"The Woman in the House Across the Street From the Girl in the Window": Strong Storyline, Shoddy Satire
"The Woman in the House Across the Street From the Girl in the Window" attempts to satirize mystery thrillers while playing to the strengths of the genre. Eren Levine '24 reviews the series, an enjoyable show that often fails to make its satirical elements clear.
An attention-grabbing title is just the tip of the iceberg with the complicated, somewhat unclear satirical murder mystery “The Woman in the House Across the Street from the Girl in the Window.” The name of this new Netflix series hints that the show may not be completely serious, because, let’s be honest, what self-respecting show would have a title that is so winding and repetitive — and 14 words long, no less? However, because the plot of the show is similar to that of the mystery thrillers which it aims to make fun of, it is rather difficult to see it as completely satirical unless you know to look for the jokes.
As someone who enjoys the genre that this show imitates, I was drawn to it without knowing about its satirical intentions, even though I suspected it may not be completely serious because of the title. Despite having a hunch that the show was supposed to be satire, however, I didn’t fully grasp all the satirical moments until after I finished watching and read more about the show. Was the satire well-done, then, or just a flop? On the one hand, shows that are very clearly satire sometimes feel so simple and obvious that they become unenjoyable. On the other hand, satire that is too difficult to recognize can hardly be seen as successful.
The plotline of a woman who is always slightly drunk, and whose life is falling apart, witnessing a murder that no one believes her about is both extremely specific and a story that has somehow been created and recreated numerous times. For this reason, I understand the appeal of poking fun at this bizarre genre. I watched “The Woman in the House Across the Street from the Girl in the Window” in one day, and was eager to discover who the murderer was and the explanation for all the complicated twists and turns in the plot, so in that sense, I would say the show was successful.
However, I believe I would have enjoyed the series just as much if it was not a satire. The recurrence of casseroles, a debilitating fear of rain, and a handyman who took years to fix a mailbox all caught my attention as out of the ordinary, but because I was not totally aware that the show was satirical, I assumed they would eventually play into the plot by showing who the murderer was. If the show was more obviously satirical, I might have more fully appreciated these moments for what they were meant to be.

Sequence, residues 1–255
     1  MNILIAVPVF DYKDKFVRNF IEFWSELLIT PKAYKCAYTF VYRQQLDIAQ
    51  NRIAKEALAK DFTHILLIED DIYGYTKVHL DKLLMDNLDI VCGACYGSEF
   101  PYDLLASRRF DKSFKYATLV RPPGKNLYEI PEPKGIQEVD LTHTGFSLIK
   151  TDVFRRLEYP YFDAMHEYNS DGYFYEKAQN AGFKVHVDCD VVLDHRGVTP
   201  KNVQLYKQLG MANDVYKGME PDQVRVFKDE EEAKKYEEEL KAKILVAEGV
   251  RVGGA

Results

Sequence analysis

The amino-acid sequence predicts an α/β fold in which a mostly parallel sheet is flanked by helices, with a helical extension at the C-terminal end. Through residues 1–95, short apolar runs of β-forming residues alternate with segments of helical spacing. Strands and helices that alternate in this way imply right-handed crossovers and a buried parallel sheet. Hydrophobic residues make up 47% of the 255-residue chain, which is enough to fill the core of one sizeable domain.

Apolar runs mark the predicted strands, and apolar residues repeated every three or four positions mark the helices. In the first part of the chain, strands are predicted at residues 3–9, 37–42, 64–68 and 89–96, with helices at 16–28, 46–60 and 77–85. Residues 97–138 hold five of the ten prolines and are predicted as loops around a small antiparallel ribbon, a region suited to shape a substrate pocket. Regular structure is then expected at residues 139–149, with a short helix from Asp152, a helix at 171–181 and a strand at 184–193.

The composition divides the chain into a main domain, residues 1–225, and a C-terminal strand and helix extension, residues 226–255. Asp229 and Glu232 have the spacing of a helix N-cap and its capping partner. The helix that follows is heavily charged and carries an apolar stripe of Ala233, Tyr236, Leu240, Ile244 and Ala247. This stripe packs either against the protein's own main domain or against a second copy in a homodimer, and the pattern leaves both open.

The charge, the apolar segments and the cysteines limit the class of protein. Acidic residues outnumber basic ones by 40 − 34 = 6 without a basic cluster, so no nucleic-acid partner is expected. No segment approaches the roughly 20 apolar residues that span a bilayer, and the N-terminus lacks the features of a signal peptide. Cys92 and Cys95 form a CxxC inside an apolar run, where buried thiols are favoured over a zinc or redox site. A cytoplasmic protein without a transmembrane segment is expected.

Unconvinced by the show’s satire, I also misinterpreted several elements of the plot, such as the death of Anna’s daughter. I initially thought Anna’s character was making up the story about how her daughter died when she shared that her daughter had been killed and eaten by a cannibal while accompanying her dad to work at a prison. This gruesome story about her death felt too unrealistic to me, even though I had the faint idea that the show was not completely serious. Most parts of the show that had confused me at first later made sense and felt comedic in hindsight, but this detail did not. It was just so impossible and gruesome — far beyond the slight unconventionality of other satirical moments in the show — that I simply could not find the humor in it.
One very small detail did stand out to me, however, although I didn’t know what to make of it until I read about it after finishing the show. When Anna visits her daughter’s grave in the beginning of the show, the epitaph reads, “If love could have saved you, you would have lived forever.” This caught my attention as sweet but not something I would think to put on a gravestone. By the last episode, the epitaph said, “There is no ‘I’ in heaven,” which makes no sense and sounds quite ridiculous. I was confused as to why it had changed and wondered if there was going to be some sort of supernatural component to the show. After reading about it, though, I learned that the epitaph kept changing to be something even more absurd than the last, reinforcing the idea that this is a satire meant to make fun of the ridiculous nature of the genre. I ended up really enjoying this small detail because it felt like a simple and subtle satirical moment that contributed to the mood of the show as a whole.
Overall, I loved “The Woman in the House Across the Street from the Girl in the Window” and would definitely recommend it to anyone looking for a short, bingeable, and thrilling series. However, I would have preferred if the satirical nature of the show was slightly more apparent. While it is difficult to achieve a balance of clear but not overly obvious satire, this change would have made me appreciate the show even more.